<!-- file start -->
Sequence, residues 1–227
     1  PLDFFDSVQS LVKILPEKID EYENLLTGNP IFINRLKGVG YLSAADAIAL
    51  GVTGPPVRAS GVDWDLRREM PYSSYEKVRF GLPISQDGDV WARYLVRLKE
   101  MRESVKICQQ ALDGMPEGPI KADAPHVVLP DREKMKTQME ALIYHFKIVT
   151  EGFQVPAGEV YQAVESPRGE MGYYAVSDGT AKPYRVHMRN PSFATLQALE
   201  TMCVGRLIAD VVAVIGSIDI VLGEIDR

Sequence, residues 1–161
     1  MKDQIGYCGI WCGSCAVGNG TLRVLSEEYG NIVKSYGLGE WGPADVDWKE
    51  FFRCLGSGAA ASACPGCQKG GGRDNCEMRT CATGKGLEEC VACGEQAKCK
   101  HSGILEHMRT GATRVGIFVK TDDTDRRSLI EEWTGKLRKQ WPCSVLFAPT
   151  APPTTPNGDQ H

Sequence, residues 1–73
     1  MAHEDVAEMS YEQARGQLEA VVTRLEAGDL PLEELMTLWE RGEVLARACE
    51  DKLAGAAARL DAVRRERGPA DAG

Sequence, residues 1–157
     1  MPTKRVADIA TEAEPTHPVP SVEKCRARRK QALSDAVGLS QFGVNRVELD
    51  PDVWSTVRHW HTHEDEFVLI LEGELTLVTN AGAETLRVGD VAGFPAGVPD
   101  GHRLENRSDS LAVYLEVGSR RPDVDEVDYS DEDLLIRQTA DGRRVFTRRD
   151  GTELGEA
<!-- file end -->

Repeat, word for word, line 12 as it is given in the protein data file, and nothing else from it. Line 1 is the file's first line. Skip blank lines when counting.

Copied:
Sequence, residues 1–73